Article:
Sysadmins can forget PC management skills, says Microsoft
Certification for Desktop Infrastructure binned in favour of Devices and Apps course
Microsoft has announced it will retire the MCSE (Microsoft Certified Solutions Expert) certification dedicated to “Desktop Infrastructure”.
Microsoft pitches MCSE certifications as essential for sysadmins hoping to prove their competence to employers*, but now says the time for skills in dedicated “traditional desktop provisioning and management scenarios” has passed. Instead, Redmond thinks now's the time to demonstrate that you can handle “multiple device types and application management” as we get into the age of cloud and apps and hipsters.
The MCSE track for “Enterprise Devices and Apps” is therefore suggested as a better certification for the modern sysadmin to shoot for.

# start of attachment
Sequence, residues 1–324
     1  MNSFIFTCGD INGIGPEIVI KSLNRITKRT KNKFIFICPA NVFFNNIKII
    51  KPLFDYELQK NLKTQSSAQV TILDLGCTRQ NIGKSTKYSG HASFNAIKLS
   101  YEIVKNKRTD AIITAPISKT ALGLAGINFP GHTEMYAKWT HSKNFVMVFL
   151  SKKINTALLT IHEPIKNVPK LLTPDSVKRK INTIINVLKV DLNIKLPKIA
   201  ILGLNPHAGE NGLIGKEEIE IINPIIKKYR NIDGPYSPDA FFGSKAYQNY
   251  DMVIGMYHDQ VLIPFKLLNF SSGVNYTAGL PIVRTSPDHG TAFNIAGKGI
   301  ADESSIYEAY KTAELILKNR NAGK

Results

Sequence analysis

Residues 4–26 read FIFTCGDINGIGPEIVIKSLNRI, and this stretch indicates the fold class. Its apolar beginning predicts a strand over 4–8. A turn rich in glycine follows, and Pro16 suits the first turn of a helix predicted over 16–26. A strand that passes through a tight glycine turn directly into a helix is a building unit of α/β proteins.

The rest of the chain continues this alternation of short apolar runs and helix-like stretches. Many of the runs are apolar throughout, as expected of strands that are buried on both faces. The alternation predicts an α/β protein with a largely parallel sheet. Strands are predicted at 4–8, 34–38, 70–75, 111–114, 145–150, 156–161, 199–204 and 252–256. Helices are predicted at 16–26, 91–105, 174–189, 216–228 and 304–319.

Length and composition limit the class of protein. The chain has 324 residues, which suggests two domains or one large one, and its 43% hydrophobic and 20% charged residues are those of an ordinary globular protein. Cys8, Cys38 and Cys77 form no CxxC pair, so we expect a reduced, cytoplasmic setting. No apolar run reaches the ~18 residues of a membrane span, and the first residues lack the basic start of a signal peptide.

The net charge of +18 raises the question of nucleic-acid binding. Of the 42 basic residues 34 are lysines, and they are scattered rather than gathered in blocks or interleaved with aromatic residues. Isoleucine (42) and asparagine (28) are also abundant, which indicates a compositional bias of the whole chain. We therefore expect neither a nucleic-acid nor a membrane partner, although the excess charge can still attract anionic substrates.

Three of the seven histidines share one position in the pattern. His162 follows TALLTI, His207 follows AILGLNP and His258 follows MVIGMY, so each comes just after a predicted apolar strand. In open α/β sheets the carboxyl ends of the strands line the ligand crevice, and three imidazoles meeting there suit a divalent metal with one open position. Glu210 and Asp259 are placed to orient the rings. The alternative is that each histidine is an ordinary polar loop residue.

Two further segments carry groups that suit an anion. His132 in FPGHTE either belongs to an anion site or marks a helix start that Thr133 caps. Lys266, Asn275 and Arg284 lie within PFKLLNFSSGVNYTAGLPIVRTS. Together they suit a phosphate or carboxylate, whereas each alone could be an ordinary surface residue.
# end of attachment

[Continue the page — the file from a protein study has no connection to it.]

The Desktop Infrastructure MCSE will be around for a while yet, but come January 31st, 2016, the exams for the certification won't be offered. If you've started studying for the Desktop Infrastructure, Microsoft has no problems with you continuing to do so, but of course suggests you hurry up and finish before the exams are retired.
Folks who have recently scored the desktop certification are being told to suck it up, because “Technology changes can cause some exams and certifications to become less relevant.” Those keen to take the leap from Desktop Infrastructure to Enterprise Devices and Apps need only take exams 695, “Deploying Windows Desktops and Enterprise Applications”, and 696, “ Administering System Center Configuration Manager and Intune”, to get up to speed.
Doing so will, of course, require a new outlay of currency. ® * And whenever we write about certification, readers point out that holding a certification is no indicator of real-world competence.